Frequency doubling perimetry and short-wavelength automated perimetry to detect early glaucoma.Ophthalmology. 2007 May; 114(5):931-7.O
To compare the ability of short-wavelength automated perimetry (SWAP) and frequency doubling perimetry (FDP) to detect early glaucoma damage.
Prospective case-control study using a comparative case series.
Forty-two patients with preperimetric glaucomatous optic nerve damage and a normal standard achromatic perimetry (SAP) in 1 eye, but with contralateral SAP abnormalities, and 35 normals.
Forty-two patients and 35 normals underwent SWAP and FDP (Humphrey 24-2; Carl Zeiss Meditec, Inc., Dublin, CA). Correlations of mean deviation (MD) and pattern standard deviation (PSD) of the 2 groups were calculated. The number of defects at P<0.05 and P<0.01 on total deviation (TD) and pattern deviation (PD) plots were compared. Diagnostic precision and agreement on location of abnormalities were determined.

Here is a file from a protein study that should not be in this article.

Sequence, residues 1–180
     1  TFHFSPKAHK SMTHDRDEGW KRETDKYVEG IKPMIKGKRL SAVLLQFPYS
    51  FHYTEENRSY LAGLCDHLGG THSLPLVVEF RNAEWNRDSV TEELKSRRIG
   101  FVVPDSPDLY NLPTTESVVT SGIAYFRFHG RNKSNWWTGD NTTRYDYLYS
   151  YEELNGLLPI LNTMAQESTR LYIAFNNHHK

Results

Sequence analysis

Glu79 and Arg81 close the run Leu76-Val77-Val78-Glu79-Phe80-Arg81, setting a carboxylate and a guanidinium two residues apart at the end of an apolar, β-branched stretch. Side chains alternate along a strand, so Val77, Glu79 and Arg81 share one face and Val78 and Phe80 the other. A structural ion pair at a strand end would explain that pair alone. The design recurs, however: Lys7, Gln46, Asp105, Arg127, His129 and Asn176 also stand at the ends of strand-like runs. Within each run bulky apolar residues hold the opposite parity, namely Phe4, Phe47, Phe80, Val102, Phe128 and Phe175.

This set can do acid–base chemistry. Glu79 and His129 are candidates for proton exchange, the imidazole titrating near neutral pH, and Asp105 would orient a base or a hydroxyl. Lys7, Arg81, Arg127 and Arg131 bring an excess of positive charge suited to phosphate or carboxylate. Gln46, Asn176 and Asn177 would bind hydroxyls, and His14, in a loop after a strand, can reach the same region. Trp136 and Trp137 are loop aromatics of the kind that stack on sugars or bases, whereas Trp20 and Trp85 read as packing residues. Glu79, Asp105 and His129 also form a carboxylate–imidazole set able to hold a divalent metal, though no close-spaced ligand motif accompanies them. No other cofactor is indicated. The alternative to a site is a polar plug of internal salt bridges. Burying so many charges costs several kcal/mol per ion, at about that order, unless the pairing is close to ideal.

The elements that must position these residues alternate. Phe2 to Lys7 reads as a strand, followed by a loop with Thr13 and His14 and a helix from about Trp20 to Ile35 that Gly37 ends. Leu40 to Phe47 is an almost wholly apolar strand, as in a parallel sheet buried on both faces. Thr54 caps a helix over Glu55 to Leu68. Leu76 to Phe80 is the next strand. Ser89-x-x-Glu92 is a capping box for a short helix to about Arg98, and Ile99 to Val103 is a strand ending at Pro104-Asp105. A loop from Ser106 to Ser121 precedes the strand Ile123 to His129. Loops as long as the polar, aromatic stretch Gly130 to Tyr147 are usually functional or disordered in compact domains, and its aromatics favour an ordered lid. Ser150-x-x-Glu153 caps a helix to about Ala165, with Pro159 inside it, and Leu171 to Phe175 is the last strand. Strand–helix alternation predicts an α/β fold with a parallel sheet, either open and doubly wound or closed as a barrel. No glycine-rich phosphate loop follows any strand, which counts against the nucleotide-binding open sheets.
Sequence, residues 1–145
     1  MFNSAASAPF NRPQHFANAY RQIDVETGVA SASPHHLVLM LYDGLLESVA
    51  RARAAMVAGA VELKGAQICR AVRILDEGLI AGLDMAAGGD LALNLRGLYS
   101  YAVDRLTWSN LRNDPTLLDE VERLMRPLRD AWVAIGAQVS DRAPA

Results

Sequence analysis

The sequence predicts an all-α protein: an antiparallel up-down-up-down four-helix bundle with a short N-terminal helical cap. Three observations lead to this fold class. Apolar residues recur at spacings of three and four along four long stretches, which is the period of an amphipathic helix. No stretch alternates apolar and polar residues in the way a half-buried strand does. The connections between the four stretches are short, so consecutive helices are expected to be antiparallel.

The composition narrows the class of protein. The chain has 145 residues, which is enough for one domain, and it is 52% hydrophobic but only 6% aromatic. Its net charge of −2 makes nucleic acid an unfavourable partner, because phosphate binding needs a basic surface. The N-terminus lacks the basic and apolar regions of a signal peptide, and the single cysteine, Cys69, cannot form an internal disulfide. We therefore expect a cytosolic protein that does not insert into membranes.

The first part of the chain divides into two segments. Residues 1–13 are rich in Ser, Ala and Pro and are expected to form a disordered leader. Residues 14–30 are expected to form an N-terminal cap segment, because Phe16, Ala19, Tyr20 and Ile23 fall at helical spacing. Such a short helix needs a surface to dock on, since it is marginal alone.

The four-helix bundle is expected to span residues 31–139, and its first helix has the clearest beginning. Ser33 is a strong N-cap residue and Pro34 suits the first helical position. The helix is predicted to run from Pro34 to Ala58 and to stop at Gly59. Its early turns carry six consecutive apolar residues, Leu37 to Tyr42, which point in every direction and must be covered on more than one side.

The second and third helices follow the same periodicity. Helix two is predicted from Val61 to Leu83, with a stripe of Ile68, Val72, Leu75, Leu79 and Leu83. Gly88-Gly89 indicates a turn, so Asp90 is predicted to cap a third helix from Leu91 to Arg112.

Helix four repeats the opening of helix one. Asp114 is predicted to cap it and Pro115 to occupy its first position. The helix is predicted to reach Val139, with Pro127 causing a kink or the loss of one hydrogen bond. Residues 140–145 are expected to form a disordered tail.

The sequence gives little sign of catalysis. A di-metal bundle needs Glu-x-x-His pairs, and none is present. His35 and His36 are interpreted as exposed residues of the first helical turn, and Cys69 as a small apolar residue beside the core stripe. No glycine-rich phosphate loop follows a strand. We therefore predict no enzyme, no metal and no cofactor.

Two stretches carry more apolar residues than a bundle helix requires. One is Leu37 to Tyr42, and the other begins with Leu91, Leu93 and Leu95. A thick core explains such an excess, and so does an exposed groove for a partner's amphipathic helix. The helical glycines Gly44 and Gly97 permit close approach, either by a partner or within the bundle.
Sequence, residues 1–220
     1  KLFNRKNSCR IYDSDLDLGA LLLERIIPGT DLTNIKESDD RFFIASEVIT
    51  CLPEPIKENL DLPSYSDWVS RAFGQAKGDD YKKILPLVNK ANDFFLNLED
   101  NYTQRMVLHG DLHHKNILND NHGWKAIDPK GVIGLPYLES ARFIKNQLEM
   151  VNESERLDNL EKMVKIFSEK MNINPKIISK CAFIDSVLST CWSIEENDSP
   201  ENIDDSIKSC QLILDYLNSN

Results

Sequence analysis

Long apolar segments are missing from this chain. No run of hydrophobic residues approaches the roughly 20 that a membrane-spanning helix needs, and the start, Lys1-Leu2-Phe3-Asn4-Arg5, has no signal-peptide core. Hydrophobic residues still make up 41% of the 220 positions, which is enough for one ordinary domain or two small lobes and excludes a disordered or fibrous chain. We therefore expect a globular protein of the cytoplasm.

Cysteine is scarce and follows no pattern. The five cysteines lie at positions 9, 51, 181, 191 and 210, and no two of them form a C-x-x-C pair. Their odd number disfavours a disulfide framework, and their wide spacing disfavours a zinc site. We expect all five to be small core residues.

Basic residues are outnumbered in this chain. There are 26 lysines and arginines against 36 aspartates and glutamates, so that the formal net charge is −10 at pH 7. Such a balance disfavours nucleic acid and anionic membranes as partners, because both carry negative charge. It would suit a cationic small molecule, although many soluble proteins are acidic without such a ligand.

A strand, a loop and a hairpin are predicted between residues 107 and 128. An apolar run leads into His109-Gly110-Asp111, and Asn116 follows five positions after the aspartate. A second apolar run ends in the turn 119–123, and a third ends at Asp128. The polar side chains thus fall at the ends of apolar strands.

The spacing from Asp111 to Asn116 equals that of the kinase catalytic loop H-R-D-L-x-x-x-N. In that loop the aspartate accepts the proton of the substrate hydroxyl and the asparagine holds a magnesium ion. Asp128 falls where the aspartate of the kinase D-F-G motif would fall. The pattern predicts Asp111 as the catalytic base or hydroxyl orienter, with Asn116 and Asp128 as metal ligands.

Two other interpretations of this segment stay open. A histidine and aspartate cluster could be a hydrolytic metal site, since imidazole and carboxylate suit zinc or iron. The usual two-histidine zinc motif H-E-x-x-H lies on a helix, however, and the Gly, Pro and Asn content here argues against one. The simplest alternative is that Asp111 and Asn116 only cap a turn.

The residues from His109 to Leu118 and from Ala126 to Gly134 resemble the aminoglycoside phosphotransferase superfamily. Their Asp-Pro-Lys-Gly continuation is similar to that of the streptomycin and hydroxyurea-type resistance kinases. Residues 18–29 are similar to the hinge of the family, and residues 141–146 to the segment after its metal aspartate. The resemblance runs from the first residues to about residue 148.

MAIN OUTCOME MEASURES
Correlations and comparisons of global indices between SWAP and FDP: MD, PSD, TD, and PD abnormal number of points.
Significant correlations in the glaucoma group were found between SWAP and FDP for MD (r = 0.54; P<0.008) and PSD (r = 0.49; P<0.001). Defects on the TD and PD plots were detected more frequently by FDP in the glaucoma group, although they were significant only for PD at P<0.01 (P = 0.024). Areas under receiver operator characteristic curves for MD of SWAP and PSD of FDP were 0.74 and 0.67, respectively (P = 0.37). Using defined defect criteria, FDP had a significantly higher sensitivity (72% vs. 54%; P = 0.02) and similar specificity (53% vs. 44%; P = 0.12) compared with SWAP. Agreement on defect location was moderate (kappa, 0.46). Testing time for SWAP was longer than for FDP in both glaucomatous and normal eyes (P<0.001).
Short-wavelength automated perimetry and FDP showed similar ability to detect visual dysfunction in patients with preperimetric glaucoma. Long-term follow-up is required to define their role in predicting subsequent SAP defects.